Somewhere over Brazil, 11/10/18: When we write about listening to music, we often refer to blacker backgrounds, greater inter-transient depth—and similar hogwash.

When I talk to the engineers I work with about how the biggest improvements are made in sound quality, the thing that comes up most often, and is one of the biggest contributors to improved sound quality, is lowered noise. And yet: I’ve written before about being able to enjoy music over a cheap clock radio. I’m fascinated by the idea that there are as-yet-undefined aspects of sound quality that transcend or evade standard measurements.

As I write this—Pilot pen upon spiral-bound notebook—I’m thinking about my experiences tonight, listening to music at 34,000 feet. Thanks to my flight attendant son, I’m coddled in business class in a 777, headed overnight from Buenos Aires to DFW. I have a belly full of fairish food and several glasses of a decent California red.

I also have access to the American Airlines “Entertainment Portal”, and as usual, I flip through the music choices before resorting to a movie. By virtue of my exalted status in biz class, I also have noise-cancelling Bose headphones.

Over the last 50 years (!!), I’ve probably badmouthed the products of Bose as much as any audiosnob, But: I have always tempered that criticism with appreciation of the company’s marketing, allied with admiration for the company’s patent portfolio and technical resources. Take a look sometime at the company’s decades of work in acoustic automotive suspensions—it’s pretty damned impressive.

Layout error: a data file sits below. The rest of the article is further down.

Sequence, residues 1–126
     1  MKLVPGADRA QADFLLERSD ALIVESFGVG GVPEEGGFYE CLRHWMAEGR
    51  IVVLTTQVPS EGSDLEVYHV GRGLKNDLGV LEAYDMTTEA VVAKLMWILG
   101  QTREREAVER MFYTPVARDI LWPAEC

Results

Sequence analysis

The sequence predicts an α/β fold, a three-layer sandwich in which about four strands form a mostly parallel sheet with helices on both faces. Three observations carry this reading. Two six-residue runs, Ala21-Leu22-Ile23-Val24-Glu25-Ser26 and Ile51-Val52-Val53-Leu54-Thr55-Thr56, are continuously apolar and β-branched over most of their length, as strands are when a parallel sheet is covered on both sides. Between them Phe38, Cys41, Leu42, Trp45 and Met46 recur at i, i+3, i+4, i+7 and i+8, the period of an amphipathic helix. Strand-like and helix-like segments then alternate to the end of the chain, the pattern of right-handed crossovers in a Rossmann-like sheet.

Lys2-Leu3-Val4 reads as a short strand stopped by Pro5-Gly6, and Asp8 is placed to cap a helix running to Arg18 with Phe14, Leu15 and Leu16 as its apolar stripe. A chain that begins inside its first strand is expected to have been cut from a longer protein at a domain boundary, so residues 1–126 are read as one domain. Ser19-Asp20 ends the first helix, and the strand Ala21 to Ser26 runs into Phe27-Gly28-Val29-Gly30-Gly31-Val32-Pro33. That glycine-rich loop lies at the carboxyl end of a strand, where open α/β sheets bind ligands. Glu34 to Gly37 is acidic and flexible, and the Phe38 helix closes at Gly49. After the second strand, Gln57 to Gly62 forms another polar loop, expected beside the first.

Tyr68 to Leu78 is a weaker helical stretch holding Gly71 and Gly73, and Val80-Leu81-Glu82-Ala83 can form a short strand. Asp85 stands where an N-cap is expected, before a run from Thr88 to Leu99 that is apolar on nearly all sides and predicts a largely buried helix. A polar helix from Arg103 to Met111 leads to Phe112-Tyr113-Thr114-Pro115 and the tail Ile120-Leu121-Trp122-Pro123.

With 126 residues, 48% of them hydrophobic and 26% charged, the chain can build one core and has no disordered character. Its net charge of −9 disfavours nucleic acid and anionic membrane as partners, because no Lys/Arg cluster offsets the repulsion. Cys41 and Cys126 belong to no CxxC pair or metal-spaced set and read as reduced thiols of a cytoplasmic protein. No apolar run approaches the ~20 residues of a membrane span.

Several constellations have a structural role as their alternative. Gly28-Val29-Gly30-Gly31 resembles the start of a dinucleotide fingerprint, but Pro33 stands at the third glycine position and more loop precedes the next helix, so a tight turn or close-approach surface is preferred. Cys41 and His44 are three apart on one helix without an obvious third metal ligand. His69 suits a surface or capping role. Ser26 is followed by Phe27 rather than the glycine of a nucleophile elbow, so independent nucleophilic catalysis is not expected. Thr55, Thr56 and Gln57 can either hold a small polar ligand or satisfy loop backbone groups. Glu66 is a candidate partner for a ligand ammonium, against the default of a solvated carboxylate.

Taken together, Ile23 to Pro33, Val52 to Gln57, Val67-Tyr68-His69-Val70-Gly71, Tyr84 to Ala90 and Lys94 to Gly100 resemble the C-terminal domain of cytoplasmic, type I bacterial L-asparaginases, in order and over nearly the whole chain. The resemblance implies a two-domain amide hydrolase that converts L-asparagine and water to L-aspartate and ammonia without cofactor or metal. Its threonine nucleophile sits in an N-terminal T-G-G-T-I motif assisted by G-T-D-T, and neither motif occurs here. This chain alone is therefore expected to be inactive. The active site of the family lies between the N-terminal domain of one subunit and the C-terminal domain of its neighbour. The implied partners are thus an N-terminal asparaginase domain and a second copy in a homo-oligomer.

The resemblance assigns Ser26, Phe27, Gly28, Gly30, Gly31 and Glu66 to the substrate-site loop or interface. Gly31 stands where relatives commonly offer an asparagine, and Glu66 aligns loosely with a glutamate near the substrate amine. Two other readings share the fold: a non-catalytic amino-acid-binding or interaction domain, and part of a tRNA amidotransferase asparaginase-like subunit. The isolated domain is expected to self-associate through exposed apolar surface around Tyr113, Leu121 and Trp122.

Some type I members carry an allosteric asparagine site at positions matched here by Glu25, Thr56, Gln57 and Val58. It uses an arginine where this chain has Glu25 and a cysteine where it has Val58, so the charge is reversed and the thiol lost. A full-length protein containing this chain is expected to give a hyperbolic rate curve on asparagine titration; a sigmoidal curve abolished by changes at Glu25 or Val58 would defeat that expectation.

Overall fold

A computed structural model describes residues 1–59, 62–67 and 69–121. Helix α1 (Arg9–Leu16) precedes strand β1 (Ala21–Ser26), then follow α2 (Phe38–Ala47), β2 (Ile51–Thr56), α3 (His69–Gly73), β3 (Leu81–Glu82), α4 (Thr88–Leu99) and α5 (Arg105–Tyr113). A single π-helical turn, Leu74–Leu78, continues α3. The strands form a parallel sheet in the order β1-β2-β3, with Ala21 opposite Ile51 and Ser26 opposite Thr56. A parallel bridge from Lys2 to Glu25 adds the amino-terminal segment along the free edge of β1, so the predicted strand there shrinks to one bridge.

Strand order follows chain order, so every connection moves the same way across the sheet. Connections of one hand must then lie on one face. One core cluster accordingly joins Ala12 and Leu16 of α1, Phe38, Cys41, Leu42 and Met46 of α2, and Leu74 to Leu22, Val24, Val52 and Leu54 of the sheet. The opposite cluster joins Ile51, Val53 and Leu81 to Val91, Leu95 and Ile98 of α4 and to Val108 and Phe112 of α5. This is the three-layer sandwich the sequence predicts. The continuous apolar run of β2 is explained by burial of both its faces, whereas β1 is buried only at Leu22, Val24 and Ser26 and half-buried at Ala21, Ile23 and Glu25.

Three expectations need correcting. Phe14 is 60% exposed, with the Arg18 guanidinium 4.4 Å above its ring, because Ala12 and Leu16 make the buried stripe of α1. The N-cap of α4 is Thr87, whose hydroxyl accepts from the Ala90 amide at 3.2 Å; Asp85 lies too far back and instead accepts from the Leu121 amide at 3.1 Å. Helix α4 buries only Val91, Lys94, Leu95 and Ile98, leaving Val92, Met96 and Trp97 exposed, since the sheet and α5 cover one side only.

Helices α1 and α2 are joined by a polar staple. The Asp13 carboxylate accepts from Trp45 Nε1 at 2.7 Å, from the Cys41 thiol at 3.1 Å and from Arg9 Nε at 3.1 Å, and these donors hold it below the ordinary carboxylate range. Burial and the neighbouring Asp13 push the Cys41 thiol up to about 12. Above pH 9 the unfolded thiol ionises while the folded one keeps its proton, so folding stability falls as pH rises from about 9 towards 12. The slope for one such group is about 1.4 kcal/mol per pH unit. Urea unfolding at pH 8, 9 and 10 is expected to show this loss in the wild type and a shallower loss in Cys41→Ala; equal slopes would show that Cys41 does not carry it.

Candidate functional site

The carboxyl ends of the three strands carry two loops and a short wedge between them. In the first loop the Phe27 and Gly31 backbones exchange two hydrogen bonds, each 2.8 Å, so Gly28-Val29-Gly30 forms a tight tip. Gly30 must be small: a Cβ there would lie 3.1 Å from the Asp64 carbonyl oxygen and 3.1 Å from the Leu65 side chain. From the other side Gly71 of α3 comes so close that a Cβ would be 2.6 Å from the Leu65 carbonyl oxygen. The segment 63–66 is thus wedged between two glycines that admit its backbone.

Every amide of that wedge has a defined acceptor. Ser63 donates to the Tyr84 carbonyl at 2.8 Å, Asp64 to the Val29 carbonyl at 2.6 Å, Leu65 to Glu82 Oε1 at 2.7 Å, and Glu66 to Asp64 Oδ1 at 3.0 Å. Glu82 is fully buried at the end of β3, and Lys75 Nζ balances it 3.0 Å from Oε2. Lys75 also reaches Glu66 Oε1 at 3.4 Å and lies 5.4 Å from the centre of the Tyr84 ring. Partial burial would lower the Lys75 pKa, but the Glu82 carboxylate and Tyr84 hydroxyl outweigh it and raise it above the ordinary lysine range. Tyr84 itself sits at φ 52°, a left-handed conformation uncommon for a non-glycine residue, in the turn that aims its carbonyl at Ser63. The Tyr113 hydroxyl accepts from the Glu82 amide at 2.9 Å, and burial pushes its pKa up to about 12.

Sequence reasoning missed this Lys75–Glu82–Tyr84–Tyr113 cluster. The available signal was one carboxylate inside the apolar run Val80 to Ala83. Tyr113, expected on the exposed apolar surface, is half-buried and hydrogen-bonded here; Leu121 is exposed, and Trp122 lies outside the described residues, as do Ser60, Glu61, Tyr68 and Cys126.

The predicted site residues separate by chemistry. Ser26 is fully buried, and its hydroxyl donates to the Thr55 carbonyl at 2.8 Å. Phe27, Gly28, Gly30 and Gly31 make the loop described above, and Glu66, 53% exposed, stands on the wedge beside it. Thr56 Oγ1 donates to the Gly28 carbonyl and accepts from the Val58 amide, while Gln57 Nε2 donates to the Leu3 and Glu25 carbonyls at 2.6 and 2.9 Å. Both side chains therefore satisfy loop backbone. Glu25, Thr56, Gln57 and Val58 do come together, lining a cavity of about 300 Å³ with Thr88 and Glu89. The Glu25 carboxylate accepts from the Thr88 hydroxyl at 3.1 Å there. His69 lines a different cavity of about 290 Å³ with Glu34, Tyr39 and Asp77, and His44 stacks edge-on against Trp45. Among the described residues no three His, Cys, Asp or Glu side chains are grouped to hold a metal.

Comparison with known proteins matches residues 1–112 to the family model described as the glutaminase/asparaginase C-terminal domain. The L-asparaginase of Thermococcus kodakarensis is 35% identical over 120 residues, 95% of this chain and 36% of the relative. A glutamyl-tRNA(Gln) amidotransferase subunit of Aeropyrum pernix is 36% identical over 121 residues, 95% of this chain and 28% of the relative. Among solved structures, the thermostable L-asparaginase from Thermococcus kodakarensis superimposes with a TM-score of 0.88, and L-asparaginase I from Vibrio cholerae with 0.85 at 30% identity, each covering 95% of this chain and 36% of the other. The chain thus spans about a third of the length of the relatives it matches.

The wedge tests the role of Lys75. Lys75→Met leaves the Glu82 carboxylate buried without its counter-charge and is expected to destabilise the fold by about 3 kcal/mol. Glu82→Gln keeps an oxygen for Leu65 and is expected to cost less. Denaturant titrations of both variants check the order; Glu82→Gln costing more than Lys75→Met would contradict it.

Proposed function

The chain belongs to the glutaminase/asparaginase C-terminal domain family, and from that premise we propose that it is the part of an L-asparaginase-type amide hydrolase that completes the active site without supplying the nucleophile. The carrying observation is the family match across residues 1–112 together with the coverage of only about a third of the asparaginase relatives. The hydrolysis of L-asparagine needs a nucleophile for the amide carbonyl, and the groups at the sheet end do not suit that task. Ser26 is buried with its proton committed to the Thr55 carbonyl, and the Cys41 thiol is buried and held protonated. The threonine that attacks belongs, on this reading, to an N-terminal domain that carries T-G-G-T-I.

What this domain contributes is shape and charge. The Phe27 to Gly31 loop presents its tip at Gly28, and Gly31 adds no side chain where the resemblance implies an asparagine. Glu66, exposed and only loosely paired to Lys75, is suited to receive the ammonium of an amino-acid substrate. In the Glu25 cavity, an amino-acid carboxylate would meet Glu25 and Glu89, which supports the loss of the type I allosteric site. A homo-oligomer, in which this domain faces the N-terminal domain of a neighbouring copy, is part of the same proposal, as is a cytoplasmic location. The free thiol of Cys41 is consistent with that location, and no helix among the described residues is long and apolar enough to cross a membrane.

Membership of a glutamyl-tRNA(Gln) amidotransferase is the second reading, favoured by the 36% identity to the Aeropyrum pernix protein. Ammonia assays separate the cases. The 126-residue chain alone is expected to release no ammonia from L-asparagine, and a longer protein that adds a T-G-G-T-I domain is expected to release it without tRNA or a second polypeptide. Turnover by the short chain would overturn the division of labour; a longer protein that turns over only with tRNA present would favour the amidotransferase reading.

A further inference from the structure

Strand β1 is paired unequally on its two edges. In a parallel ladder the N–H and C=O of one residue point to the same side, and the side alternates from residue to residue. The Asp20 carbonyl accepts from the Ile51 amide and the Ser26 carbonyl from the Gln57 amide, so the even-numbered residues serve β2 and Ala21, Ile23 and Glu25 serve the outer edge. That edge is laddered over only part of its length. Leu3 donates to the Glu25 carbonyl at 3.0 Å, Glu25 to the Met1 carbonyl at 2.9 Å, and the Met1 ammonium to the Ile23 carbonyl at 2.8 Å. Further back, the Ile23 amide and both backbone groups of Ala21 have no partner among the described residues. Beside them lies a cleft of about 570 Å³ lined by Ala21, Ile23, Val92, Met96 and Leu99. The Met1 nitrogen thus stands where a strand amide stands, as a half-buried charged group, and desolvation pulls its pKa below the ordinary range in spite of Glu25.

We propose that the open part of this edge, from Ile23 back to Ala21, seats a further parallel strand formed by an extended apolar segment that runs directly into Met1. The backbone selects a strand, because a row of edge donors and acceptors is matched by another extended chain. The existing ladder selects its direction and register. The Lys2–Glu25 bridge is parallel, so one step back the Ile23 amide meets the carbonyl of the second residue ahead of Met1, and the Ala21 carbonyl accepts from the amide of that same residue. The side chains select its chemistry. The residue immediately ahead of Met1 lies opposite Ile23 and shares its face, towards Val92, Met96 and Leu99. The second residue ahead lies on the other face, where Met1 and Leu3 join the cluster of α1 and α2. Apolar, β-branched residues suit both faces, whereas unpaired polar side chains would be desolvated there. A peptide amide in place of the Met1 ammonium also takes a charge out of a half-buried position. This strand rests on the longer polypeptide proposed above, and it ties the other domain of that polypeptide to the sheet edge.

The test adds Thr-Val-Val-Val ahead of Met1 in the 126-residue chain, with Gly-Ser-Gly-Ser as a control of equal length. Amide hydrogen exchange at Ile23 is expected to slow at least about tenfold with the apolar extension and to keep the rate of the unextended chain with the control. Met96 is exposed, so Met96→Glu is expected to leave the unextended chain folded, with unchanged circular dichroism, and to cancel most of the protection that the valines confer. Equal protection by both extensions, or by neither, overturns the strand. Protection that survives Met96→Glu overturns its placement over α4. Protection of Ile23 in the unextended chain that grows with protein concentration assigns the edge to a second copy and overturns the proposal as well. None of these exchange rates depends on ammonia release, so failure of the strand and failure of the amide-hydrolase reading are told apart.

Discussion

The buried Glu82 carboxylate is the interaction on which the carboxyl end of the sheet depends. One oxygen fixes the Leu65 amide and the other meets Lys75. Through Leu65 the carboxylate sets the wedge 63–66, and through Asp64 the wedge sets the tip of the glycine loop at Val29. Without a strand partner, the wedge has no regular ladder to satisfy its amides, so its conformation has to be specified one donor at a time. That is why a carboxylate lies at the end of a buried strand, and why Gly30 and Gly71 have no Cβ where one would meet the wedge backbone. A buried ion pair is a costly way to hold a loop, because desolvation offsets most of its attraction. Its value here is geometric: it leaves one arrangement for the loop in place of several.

But I digress.

So: the music available ranges from icky pop (ABBA) to decent older jazz (strangely large collections of Ahmad Jamal and Ella Fitzgerald—not together) to a number of artists I’ve never heard of. Most are DJ-ish, and for me, unmemorable.

One album stands out, by an artist I’ve never heard of: I Tell a Fly, by Benjamin Clementine. The songs feature well-recorded piano (think early Elton John or Randy Newman), with cabaret-style vocals and mostly-sparse  accompaniment. The voice brings to mind a male Joan Armatrading, with an odd warbling tremolo and a theatrical presentation that ranges from Rufus Wainwright to Pet Sounds-era Beach Boys.

There was also something unexpected—genuine emotion, capable of eliciting genuine emotion in this very jaded listener. Need I mention how rare that is?

Clementine seems to be a Brit, but of what origin, exactly? The tone is sardonic, yet wistful. It’s not for all tastes—but I am very much taken by it.

Long story short: music can stand out whatever the listening circumstances, but without the noise-cancellation it’d be a lot more difficult to appreciate this.

So: thanks, American Airlines. And thanks, Bose!

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